A number of my posts over the years have brought up the idea of sustainable behaviour with regard to the environment. Today, I’d like to discuss another aspect of sustainability, that being how sustainability is important when we’re looking at our Self-maintenance. I think the concept of sustainability and Self is hugely important and should not be overlooked. Long-term failure to address Self with sustainable practices will inevitably lead to emotional and/or physical health issues.
When we think about sustainability, we often confuse the topic with the politics of Green versus Business. The media likes to portray the sustainability discussion as a struggle of profits against tree huggers. I don’t think it’s quite that simple. And when it comes to matters of Self well-being, sustainability needs some serious attention. The good news is that it really doesn’t take a lot of effort to determine whether your actions, lifestyle or diet are sustainable or not. Really, it’s just a matter of common sense.
Ultimately, the question always boils down to the same boilerplate: “If I continue to do X over the long term, will it have a negative impact on my well-being or is it entirely harmless or even beneficial?” When that question is answered honestly to yourself, you have much of the foreknowledge that you require to be making the best possible choices for yourself.
Some good examples of the sustainability question might be:
- If I continue drinking this much alcohol, will my health suffer? Am I damaging my liver or otherwise hurting myself by engaging in this behaviour?
- If I get less than six hours of sleep per night, will my ability to function become impaired? If so, can any impairment become permanent?
- Is it sustainable for me to keep experiencing so much job stress without taking any steps to remove the cause or to find an outlet?
- Is the outlet I have been using for stress ideal for my health and well-being?
- Is my way of dealing with anger beneficial to me and those around me? Is my behaviour sustainable in my relationships over the long term?
These questions are worth asking because they cause you to take a closer look at how you’re treating yourself and others. By definition, sustainable practices are those that can be carried out for any length of time without any significant negative impact to the environment, Self or those with whom you’re interacting. Sustainability is OK for any length of time. Sustainability ensures that health resources are not overly consumed or that systems are not pushed beyond their ability to restore balance.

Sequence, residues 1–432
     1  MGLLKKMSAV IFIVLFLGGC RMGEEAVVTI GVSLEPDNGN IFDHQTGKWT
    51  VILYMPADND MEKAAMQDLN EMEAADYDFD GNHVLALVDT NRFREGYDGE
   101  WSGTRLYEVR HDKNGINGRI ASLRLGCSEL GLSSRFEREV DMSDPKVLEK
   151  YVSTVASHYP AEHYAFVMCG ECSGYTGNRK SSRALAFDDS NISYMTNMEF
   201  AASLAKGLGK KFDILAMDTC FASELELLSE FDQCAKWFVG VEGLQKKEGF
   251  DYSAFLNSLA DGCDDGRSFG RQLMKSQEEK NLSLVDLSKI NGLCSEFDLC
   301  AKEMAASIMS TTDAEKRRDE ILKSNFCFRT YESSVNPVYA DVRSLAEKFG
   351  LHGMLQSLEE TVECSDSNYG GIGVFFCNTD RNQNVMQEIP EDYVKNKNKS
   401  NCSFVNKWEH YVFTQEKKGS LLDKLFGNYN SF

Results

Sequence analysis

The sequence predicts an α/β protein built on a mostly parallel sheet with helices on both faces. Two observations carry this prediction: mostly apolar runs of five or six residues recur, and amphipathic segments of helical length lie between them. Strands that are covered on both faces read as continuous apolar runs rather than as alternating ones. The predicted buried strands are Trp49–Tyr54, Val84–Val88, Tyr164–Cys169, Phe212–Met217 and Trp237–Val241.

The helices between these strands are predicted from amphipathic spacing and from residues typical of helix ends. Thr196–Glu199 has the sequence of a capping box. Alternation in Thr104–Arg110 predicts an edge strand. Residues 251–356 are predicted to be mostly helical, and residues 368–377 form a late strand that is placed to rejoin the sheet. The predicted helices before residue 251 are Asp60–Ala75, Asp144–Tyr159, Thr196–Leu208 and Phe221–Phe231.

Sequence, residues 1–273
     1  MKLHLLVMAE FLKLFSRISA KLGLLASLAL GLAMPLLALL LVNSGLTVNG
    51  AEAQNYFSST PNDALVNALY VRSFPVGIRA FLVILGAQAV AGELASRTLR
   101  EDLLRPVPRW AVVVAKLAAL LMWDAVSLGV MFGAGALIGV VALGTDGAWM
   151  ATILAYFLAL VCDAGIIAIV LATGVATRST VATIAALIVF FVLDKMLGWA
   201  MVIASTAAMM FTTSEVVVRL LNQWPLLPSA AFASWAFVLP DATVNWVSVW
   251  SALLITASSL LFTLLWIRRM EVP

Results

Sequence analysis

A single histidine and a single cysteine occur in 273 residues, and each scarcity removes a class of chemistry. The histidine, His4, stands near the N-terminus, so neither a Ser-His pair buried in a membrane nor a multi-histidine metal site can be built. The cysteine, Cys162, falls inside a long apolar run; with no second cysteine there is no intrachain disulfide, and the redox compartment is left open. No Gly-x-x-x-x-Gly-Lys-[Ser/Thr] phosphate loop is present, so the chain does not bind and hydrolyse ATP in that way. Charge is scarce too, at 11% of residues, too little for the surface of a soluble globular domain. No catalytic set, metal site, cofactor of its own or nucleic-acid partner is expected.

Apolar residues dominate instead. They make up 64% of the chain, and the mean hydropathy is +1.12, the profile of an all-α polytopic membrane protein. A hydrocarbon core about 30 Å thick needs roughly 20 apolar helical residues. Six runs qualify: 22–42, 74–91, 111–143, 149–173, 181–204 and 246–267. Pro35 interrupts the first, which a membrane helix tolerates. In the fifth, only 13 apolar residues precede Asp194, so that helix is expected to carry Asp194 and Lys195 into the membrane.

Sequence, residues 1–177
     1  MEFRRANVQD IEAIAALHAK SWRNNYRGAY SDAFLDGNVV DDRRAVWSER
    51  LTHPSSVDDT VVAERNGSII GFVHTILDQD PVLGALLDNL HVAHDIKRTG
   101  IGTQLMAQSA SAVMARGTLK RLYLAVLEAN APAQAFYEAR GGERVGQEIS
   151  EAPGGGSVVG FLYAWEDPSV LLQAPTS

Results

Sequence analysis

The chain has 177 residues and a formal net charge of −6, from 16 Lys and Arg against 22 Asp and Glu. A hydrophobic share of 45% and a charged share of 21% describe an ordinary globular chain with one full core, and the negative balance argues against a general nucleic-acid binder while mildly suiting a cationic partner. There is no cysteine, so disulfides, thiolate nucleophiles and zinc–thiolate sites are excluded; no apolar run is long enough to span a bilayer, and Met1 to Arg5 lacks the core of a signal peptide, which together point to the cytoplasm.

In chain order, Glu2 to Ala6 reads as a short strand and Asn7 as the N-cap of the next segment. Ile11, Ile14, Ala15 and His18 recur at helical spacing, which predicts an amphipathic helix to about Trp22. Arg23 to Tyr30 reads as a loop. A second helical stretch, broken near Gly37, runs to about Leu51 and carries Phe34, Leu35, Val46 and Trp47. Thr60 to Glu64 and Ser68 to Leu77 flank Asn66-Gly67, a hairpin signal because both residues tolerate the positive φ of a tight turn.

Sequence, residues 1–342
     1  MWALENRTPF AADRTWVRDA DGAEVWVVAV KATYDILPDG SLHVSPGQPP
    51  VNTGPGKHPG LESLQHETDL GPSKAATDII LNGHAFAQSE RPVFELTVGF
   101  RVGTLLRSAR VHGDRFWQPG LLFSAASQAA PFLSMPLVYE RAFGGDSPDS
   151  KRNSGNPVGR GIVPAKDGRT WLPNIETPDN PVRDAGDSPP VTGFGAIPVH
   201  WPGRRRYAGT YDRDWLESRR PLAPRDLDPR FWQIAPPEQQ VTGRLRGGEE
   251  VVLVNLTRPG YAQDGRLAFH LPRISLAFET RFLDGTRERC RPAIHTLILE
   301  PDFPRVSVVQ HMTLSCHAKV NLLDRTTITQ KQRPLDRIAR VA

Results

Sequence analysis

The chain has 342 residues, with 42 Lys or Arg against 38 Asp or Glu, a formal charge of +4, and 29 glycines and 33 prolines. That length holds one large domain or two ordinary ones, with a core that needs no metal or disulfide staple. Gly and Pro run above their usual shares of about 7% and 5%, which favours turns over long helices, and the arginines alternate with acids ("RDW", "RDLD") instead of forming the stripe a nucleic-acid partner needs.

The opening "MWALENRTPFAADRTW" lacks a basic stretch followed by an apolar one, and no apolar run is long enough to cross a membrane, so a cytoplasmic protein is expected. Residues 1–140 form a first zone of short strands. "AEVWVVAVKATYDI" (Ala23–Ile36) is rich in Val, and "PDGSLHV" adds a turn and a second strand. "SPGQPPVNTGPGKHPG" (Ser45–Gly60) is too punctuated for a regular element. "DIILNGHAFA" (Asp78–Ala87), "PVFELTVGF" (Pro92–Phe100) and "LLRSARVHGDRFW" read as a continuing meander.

Just as it doesn’t take a genius to realize that we need to pace resource consumption so that the environment can keep pace and maintain a healthful balance, the same requirement holds true for every aspect of our health. If you don’t sleep enough, you’ll get sick. If you don’t eat healthful foods for a significant period of time, your health will decline and possibly fail to the point of experiencing cancer and other serious maladies. If you fail to exercise, you will likely experience some mechanical issues that may result in significant discomfort on later years.
Living intentionally really means to be self-aware. It’s not necessary to analyze absolutely everything you do in every moment of the day, but it’s worth taking some time to examine your more common activities, diet and lifestyle choices. If you look at what you’re doing and come to the conclusion that it may not be sustainable behaviour, I’d be happy to help you put things back on track.
In my own life, I discovered that my lack of post-workout stretching has been unsustainable. In recent months, I’ve developed significant lower vertebrae subluxations to the point that I’ve become alarmed. And while there’s little discomfort for now, I understand that failing to address my spine health could lead to osteoarthritis and even joint fusion. As such, I’m being proactive about stretching, increasing mobility and maximizing blood flow to the area in question. Prevention is the best approach. Always.
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